Dubbed "music's true rebels" by NPR, Tinariwen’s Sahel blues is as real and as raw as it gets.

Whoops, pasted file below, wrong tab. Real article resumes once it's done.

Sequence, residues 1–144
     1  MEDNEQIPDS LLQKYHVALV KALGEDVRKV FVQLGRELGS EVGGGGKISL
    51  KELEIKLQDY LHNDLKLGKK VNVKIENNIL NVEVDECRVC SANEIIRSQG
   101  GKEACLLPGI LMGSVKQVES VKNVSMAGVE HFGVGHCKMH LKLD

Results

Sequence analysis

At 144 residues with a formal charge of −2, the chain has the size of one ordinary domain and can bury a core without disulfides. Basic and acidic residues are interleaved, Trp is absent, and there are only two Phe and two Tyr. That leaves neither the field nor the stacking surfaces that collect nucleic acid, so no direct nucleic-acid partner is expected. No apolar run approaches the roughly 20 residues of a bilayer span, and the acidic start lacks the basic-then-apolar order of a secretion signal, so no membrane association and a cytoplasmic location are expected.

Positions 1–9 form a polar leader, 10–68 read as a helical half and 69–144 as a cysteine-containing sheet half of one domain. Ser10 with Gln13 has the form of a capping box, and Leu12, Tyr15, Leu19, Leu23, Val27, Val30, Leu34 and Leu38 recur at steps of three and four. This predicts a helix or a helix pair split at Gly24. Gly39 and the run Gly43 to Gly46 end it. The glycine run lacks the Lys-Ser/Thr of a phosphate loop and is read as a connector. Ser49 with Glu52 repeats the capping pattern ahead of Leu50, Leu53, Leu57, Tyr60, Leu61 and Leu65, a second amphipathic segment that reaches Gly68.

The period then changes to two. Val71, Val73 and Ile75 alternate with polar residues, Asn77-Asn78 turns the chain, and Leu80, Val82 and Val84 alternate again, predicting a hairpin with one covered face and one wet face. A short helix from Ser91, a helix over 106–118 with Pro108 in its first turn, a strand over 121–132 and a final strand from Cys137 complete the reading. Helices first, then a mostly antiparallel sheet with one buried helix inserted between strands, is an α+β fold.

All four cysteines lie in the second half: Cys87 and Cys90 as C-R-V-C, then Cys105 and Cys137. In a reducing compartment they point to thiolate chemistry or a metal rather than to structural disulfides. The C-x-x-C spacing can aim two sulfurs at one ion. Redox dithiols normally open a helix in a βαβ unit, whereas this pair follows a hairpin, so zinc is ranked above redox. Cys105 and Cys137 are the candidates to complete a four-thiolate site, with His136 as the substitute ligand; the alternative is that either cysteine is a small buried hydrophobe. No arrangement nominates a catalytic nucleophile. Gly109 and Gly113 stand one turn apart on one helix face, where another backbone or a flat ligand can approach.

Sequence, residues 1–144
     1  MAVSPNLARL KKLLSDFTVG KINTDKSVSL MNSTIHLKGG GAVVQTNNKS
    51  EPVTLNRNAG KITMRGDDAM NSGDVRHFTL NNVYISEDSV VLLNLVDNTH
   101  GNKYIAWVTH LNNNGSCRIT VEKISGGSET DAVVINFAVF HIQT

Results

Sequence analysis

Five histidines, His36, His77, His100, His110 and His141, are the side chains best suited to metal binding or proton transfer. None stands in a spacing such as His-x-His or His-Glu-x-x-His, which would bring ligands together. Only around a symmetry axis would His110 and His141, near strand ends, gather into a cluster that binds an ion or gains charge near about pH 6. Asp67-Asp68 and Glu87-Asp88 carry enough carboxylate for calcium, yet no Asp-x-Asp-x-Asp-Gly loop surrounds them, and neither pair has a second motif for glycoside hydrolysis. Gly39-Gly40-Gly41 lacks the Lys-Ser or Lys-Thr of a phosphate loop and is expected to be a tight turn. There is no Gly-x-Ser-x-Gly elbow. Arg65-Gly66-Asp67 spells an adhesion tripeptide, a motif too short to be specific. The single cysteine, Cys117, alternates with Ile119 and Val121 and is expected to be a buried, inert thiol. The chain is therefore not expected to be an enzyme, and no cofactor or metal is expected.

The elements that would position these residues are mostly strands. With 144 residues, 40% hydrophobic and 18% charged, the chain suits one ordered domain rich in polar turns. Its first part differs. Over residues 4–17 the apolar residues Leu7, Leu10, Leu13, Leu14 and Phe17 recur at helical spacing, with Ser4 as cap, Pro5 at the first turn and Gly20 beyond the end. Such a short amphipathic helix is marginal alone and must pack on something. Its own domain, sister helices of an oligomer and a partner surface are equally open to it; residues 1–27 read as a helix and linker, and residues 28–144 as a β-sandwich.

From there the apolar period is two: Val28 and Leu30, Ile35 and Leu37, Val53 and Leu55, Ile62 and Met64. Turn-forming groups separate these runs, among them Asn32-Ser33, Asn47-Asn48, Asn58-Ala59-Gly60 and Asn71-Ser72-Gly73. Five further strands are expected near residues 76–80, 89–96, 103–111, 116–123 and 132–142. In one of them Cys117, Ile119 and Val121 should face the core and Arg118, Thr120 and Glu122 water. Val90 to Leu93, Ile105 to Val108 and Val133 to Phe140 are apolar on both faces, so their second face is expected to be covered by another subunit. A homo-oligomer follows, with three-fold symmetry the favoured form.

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From the dusty sand dunes of the Saharan desert to the balmy beaches of LA, Tinariwen’s trajectory has been nothing short of astonishing. Hailing from Mali (but formed as refugees during exile in Libya), the Tuareg band—or collective, rather—has won over audiences far beyond the borders of its home continent with its infectious music—music of defiance in the face of despair. The group, whose name means “Empty Spaces” in its native Tamashek tongue, certainly has a compelling story. Descendants of the nomadic Kel Tamashek a.k.a. Tuareg people, their narrative is one of rebellion, guns, and guitars (and Gadhafi), with Slate claiming the group were "rock 'n' roll rebels whose rebellion, for once, wasn't just metaphorical.” While their tale is one for the books, the group’s music is the headline – and has so much substance it has been able to transcend genres and defy classification as a 5-minute novelty act. Their music—comprised of swirling tempos, fluttering guitars, pulsating percussion, cyclonic distortion, and hypnotic chants—is earthy, yet spectral; rattling with restlessness, Tinariwen’s Sahel blues is as real and as raw as it gets.